Friday, June 12, 2020

Best Friends

Fourteen (2019) - Sallitt
Screen Shot 2020-06-12 at 11.23.26 AM
Former film critic Dan Sallitt's latest, Fourteen, is an absorbing observation of a lifelong friendship of two women as they struggle through relationships, careers and life. This finely tuned, exceptionally written and superbly acted work is a thing of a beauty. It concerns Mara (Tallie Medel) and Jo (Norma Kuhling), who have been friends since middle school. They are both in late 20 early 30ish, treading edges of their middle class existence in New York precariously. Mara is a school aid, working on her Masters in education to get a permanent teaching position and Jo is a social worker. As a New Yorker who struggled in my twenties and thirties, their lives are immediately relatable. Mara is a responsible one, Jo is a hot mess. This also, depending on where you fall in the spectrum, completely relatable and have known a friend like Mara or Jo. Naturally, it's Mara who's there whenever Jo is in trouble and needs support. Jo, who has questionable work ethics, possible addiction problems, fucks up a lot at the job and always in need of another. They both are not lucky in romance. Blonde and pretty, Jo attracts a lot of men in her life, but they one way or another realize that she is trouble and end up leaving. Mara is dating on and off bookish programmer Adam (C. Mason Wells) but see other men as well. All their conversations are all natural and go from one subject to another like real life conversation among close friends.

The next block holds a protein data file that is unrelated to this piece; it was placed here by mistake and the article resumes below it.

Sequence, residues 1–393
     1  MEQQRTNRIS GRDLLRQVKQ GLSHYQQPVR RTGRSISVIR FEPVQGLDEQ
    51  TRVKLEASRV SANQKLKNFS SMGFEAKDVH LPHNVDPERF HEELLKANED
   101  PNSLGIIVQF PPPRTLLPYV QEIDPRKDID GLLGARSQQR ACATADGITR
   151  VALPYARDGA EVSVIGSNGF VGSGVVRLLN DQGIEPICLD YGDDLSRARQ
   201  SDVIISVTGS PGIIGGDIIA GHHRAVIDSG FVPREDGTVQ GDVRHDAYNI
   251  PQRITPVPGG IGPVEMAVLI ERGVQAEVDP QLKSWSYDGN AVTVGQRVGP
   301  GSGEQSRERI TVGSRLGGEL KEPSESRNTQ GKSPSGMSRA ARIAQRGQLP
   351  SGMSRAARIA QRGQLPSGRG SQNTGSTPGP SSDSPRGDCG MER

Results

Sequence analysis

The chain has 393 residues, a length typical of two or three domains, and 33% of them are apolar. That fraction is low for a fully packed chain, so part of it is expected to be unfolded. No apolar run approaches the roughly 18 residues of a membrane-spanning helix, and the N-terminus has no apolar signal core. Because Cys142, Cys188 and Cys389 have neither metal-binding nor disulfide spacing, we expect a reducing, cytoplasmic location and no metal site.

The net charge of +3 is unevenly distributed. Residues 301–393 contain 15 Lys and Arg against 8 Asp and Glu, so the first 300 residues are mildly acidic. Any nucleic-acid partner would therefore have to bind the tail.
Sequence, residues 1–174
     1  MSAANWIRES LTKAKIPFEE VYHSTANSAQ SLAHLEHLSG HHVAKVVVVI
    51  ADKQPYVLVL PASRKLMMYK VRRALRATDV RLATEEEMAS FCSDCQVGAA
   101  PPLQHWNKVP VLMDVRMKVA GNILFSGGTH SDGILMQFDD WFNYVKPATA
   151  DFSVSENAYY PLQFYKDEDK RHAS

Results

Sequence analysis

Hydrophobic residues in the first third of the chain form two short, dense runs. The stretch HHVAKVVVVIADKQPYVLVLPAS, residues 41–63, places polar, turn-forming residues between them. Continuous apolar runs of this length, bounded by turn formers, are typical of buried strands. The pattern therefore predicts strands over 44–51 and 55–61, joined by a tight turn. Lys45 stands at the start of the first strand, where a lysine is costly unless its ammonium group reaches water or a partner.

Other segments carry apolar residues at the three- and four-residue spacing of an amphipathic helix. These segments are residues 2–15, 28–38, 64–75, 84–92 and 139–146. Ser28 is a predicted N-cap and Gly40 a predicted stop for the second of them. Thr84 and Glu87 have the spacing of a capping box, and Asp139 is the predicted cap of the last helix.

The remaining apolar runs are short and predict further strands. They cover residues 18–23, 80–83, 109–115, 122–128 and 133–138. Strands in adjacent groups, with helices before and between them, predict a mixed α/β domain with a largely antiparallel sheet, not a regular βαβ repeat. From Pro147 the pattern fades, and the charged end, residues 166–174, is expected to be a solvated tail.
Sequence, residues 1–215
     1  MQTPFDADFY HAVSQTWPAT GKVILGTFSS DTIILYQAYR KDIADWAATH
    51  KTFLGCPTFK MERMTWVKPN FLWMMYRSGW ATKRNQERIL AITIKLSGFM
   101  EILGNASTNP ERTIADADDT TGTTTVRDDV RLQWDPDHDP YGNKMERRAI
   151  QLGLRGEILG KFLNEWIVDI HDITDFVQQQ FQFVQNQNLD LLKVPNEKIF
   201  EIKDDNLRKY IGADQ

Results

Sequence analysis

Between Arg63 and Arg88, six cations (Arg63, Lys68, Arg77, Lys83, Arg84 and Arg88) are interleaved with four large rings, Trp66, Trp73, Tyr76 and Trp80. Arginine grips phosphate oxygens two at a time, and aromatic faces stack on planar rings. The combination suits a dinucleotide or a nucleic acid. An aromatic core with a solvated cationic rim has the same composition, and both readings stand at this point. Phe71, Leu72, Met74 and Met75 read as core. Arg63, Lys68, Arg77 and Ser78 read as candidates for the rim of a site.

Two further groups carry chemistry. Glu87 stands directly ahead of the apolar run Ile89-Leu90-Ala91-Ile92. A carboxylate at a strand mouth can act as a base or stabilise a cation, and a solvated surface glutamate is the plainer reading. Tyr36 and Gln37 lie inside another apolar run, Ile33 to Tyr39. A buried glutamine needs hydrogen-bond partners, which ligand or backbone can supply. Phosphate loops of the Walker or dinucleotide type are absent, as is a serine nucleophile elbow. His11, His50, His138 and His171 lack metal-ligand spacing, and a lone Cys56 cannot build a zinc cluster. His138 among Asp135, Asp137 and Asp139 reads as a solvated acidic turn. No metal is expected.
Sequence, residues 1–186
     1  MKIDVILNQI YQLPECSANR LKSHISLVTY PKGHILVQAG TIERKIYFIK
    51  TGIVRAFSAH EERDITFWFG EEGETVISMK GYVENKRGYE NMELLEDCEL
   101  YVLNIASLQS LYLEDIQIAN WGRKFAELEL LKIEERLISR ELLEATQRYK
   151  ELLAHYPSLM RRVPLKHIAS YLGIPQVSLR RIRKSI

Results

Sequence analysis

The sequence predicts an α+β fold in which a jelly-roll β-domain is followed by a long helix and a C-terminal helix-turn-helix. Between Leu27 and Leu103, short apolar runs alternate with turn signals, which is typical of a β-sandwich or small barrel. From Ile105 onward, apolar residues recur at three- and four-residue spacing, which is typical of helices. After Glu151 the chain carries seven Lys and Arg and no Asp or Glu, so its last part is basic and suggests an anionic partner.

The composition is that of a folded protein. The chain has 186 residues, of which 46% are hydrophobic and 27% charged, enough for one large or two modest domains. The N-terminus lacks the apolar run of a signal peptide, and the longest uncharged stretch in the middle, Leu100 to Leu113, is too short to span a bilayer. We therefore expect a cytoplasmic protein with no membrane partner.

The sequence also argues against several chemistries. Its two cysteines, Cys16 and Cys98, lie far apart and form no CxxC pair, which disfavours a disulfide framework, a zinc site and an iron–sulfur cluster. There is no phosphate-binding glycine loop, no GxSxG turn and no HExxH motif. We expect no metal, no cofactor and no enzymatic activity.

But as Mara slowly settles in her life, Jo's losing a grip on it. It's gotten bad that even the staffing agency wouldn't return her call. She threatens one of her boyfriends with a knife and the incident pushes him to call Mara in the middle of the night. Jo also ends up hospitalized and Mara has to visit her in her parents house on Long Island as she recuperates.

Time passes us by. Life comes at you fast. However we try to care for each other, adulting means less time for your friends. Sallitt is fully aware of this. We can't be there for our best friends 24/7. Is fourteen/hitting puberty the end of all the fun in life? Are we just carrying out a death sentence after that? Mara gets pregnant and gives birth to a baby girl named Lorelei. Jo promises to come and meet her. We don't get to see their encounter, like many events in their lives in the film, until at Jo's funeral. With astonishingly economical edits, Sallitt let us witness the passage of time without missing a beat. With his extremely slim and straightforward filmmaking, Sallitt accomplishes something that is both deeply poignant and beautiful. One of the year's best films so far.

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